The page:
'Free' apps may be violating EU consumer protection laws

EU authorities are expressing concern about 'in-app' purchases

Europe's app providers were warned by authorities Thursday that many of them are violating consumer protection laws.

Following complaints in Denmark, France, the U.K., Italy, Belgium, Luxembourg and Lithuania, E.U. Justice Commissioner Viviane Reding and national enforcement authorities from across Europe are meeting Thursday and Friday with industry representatives, including Apple and Google, to outline the rules they must follow.

The biggest problem is the issue of so-called "in-app" purchases, by which consumers access special content or features for a fee, on products labeled as "free." Currently more than 50 percent of the E.U. online games' market consists of games advertised as free, despite often incorporating costly, in-app purchases. Misleading consumers in this way could be in breach of E.U. law, the Commission said.

App providers will also be warned not to exhort children to buy items in a game and to avoid marketing free to download games that are not free to play.

However representatives defended the so-called "freemium" model. "Consumers are the ultimate beneficiaries of the freemium model because it allows them to try before they buy.  It gives consumers the power to decide how much, or how little, they want to spend," said Jonathan Zuck, president of the Association for Competitive Technology (ACT).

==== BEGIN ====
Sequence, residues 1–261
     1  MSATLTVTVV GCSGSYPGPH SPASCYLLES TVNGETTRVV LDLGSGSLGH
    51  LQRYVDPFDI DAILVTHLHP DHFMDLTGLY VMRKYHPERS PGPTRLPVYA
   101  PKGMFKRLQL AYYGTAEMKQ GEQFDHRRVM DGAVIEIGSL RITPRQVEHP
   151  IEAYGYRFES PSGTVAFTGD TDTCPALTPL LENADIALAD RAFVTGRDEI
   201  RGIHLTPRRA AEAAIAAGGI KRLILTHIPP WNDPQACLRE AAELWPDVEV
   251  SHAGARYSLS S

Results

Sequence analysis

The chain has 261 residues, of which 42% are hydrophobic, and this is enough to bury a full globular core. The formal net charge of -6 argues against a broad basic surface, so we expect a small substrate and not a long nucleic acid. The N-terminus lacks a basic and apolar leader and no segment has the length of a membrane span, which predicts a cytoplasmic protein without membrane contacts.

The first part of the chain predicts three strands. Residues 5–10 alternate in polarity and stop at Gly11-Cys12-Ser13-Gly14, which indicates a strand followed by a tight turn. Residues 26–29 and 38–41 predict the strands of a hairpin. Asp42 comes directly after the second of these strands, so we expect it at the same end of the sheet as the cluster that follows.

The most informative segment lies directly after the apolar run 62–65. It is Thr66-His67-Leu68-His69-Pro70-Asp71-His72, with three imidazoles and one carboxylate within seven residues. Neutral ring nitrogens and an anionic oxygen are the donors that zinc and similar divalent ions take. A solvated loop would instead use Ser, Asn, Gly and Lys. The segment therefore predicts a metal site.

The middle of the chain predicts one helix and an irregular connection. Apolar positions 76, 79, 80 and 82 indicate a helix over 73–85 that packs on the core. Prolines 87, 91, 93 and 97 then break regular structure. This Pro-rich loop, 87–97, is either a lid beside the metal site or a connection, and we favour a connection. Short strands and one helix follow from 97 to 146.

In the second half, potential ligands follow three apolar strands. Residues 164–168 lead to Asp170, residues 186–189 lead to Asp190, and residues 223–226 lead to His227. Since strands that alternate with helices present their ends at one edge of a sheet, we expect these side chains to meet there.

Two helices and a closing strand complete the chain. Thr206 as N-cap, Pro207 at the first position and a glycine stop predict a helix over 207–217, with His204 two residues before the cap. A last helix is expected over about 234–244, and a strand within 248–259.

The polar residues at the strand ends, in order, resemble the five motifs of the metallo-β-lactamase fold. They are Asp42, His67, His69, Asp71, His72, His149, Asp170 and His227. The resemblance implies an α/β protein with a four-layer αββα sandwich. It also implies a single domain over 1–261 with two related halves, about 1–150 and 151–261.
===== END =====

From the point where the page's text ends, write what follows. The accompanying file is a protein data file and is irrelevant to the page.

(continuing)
Consumers are often not fully aware that they are spending money because their credit cards get charged by default. According to E.U. law, app providers must get explicit consent for such charges. Industry will be asked to commit to providing solutions within a clear timeframe to ensure proper consumer protection.

"Misleading consumers is clearly the wrong business model and also goes against the spirit of E.U. rules on consumer protection. The European Commission will expect very concrete answers from the app industry to the concerns raised by citizens and national consumer organizations," Reding said.

Zuck said that on-device solutions already exist. "On iOS devices, for example, App Store users are alerted to in-app purchasing features before they download an app. The device owner can also completely disable in-app purchases. All users are required to enter a password before making purchases, which is entirely within a parent's control" he said.

Follow Jennifer on Twitter at @BrusselsGeek or email tips and comments to jennifer_baker@idg.com.

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Tags mobile applicationsregulationmobilelegislationgovernmentAssociation for Competitive Technology

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Jennifer Baker

IDG News Service
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